Case Study 16.9kW Residential

Real life solar example with before and after bill

This case study is a prime example of why first and foremost you should consider utilising all of your suitable roof-space before even contemplating batteries. Customer was a fairly average to low user but has decided to take full advantage of solar as an investment and oversized the system.

The customers average daily usage is 12.2kWh.

Some solar companies would recommend a 3.5kW system for this amount of usage or potentially up to a 6.5kW to try and cover the power bill. Whilst these would represent a great investment there was the roof space to allow a much more prosperous investment for the future.

As the customer was looking to stay in the property long term they opted for some of the highest quality products available on the market and requested the largest possible solar system to be installed.

The customer decided against batteries due to the high cost (if you are considering batteries read this post first – Click Here)

Upgrading to three phase

The customers existing power supply was single phase which is standard for domestic properties. On single phase the maximum inverter capacity is 10kW with a 5kW export limit so in order to maximise the potential benefit the customer decided to upgrade to three phase power.

The three phase upgrade costs $3000 but allowed the customer to install a 15kW three phase inverter with full export functionality.

The best roof space allowed for a 52 panel 16.9kW system
The systems average daily production: 70.98kWh
That’s 581% of the customer usage!

Why oversize the system?

You may be thinking why would you install a system that is going to produce 5.8 times what they actually use? This is because your energy retailer will buy excess power off you at surprisingly reasonable rates even without Government schemes. Feed in tariffs are available from around 10-20c/kWh depending on location and energy Retailer.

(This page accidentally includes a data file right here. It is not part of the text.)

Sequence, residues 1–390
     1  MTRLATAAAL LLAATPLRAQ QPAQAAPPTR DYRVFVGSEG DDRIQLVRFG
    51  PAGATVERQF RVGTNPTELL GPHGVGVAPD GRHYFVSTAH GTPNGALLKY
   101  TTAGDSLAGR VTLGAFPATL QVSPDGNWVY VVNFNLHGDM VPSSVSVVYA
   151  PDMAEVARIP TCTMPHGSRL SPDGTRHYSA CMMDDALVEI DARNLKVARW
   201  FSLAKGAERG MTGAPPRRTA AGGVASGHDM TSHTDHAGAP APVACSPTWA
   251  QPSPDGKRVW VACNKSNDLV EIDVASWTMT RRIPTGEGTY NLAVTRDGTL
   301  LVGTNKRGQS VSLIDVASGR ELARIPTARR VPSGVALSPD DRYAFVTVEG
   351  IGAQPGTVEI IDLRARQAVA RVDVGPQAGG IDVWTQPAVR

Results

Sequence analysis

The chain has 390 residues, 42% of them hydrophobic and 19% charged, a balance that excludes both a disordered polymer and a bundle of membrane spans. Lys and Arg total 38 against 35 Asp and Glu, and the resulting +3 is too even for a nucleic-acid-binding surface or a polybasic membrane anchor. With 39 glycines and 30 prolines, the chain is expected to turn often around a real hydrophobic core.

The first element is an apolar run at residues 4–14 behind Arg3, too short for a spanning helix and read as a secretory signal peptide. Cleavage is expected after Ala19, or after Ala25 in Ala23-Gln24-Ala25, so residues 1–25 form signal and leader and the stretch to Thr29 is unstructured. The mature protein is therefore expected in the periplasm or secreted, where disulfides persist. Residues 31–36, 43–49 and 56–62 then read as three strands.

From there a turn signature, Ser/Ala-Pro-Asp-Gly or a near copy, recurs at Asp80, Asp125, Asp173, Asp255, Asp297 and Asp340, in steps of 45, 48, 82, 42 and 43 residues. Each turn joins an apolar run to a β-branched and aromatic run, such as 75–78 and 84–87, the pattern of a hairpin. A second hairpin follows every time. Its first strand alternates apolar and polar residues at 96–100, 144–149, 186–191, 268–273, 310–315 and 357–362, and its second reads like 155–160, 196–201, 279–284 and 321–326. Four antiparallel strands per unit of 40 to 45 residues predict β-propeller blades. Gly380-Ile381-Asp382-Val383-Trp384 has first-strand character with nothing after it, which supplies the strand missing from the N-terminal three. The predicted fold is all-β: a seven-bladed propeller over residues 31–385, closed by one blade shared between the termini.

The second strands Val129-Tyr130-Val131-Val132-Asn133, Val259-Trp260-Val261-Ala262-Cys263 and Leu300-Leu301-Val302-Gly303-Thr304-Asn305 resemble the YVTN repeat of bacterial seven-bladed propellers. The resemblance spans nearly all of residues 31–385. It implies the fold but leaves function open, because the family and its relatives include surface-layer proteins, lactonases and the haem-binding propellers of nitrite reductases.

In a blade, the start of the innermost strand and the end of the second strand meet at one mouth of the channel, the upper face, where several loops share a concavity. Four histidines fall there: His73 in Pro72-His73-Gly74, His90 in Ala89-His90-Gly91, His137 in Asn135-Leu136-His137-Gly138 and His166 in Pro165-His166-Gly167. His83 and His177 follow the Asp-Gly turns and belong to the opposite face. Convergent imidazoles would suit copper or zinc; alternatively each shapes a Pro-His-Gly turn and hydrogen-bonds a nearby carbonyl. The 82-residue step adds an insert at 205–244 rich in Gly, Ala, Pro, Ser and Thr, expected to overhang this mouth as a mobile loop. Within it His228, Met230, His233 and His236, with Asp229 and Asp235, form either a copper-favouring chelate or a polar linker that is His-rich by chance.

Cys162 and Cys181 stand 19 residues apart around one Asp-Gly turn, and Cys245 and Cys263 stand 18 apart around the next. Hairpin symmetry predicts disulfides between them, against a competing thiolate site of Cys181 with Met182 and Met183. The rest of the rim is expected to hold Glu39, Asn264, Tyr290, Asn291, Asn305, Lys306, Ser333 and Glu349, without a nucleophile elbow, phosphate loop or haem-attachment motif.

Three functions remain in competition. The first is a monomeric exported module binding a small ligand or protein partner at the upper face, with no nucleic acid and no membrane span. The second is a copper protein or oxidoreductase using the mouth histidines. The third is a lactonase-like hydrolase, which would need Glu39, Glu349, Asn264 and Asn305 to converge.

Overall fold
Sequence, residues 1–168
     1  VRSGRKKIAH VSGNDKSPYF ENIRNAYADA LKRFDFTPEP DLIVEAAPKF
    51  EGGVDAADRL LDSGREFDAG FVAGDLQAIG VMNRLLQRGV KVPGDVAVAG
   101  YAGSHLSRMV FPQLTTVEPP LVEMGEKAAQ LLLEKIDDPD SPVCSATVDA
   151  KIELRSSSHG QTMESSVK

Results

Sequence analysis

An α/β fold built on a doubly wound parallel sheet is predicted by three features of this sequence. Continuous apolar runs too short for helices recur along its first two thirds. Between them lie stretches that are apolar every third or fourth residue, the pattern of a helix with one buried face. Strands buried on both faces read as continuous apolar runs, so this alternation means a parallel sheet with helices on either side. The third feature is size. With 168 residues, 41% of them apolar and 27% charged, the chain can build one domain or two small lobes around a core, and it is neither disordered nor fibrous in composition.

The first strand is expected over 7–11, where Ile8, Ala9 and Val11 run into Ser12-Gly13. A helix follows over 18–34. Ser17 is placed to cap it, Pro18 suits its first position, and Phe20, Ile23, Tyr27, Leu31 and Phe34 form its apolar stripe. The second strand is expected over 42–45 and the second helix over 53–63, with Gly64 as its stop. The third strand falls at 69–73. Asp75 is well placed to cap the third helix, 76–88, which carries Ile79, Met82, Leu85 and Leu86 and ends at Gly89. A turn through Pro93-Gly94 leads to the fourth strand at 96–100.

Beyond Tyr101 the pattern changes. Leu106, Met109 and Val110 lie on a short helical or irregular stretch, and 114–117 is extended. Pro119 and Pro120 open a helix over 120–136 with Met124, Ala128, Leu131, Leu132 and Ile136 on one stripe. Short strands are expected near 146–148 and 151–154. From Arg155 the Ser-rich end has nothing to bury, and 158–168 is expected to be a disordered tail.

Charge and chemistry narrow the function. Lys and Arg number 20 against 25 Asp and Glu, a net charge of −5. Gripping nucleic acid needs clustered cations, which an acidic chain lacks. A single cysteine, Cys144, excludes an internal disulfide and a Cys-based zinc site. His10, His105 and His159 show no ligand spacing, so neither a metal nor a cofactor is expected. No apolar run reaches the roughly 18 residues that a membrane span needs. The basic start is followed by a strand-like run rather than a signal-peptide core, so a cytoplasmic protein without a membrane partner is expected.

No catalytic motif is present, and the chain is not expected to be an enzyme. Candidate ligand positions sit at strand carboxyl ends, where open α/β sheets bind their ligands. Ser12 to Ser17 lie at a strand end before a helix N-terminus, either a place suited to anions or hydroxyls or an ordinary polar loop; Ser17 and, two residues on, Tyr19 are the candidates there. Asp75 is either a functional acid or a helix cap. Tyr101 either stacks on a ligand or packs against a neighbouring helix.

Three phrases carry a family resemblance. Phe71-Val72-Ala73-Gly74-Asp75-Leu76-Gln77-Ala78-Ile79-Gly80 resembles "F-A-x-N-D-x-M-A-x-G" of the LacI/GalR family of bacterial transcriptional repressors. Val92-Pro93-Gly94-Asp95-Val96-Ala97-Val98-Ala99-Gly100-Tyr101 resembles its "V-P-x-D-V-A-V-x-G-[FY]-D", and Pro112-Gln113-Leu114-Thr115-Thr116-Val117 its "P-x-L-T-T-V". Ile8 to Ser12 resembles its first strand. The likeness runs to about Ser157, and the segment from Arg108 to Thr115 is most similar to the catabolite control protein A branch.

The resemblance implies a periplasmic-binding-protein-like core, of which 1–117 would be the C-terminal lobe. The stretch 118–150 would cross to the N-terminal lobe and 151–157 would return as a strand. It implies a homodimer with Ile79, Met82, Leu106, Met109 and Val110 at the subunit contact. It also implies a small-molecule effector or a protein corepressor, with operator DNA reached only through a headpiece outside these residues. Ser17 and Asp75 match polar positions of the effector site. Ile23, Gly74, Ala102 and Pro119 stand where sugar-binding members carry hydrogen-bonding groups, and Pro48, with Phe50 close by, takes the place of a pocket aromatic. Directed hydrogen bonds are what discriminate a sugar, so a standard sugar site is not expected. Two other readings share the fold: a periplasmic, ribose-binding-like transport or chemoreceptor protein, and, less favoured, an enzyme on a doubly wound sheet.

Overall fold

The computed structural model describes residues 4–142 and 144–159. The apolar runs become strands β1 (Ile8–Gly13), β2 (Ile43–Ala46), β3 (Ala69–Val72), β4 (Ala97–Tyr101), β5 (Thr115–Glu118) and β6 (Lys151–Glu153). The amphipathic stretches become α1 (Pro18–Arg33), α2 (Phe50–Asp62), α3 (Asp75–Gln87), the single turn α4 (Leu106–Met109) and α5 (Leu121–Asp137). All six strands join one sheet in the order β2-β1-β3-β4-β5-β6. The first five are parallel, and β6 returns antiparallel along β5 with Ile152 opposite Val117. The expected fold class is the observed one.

So for the electricity that can be used during the day the customer is offsetting their rate of power which prior to getting solar was 32c/kWh. This means that for people considering solar that are able to use more power during the day will save even more but this case study proves even with low daytime usage the investment is still very attractive.

For this particular example the customer switched energy retailers to Energy Australia who at the time of writing are offering a 16.1c/kWh solar buy back rate (feed in tariff). 

The System Installed

  • 16.9kW
  • 52 x 325w Q Cells Q Peak DUO German Engineered Solar Modules
  • 1 x Fronius Symo 15.0-3 Austrian made 15kW three phase solar inverter
  • 1 x 3 Phase Fronius Smart Meter
  • Total System Cost: $26,944.00
  • STC Solar Rebate $10,044.00
  • Customer Price after rebate: $16,900
  • 3 phase upgrade cost: $3000.00
  • Total Investment: $19,900.00
Client had the option to finance for $363.44 per month over 5 years

Full monitoring included with system

Customer has full access to online monitoring and receives email alerts if there are ever any errors

Click here to view live system data

Best production day 28th December 2018:



  • Before Solar power bill $353.62 DUE
  • After Solar power bill $948.70 CREDIT
  • Energy Offset: $232.96
  • Total Solar Benefit for quarter: $1,181.66
  • Estimated annual savings: $4500
  • 4.42 year payback period / 22.62% per annum


Adapt Energy (03/04/2019)

If the client opted for a 6.6kW system their annual savings would have been more like $1800 per annum with a payback period of 3.8 years. Although the shorter ROI is on offer on the smaller system, the customer wouldn’t have an annual profit of $3000+ on top of having no power bill.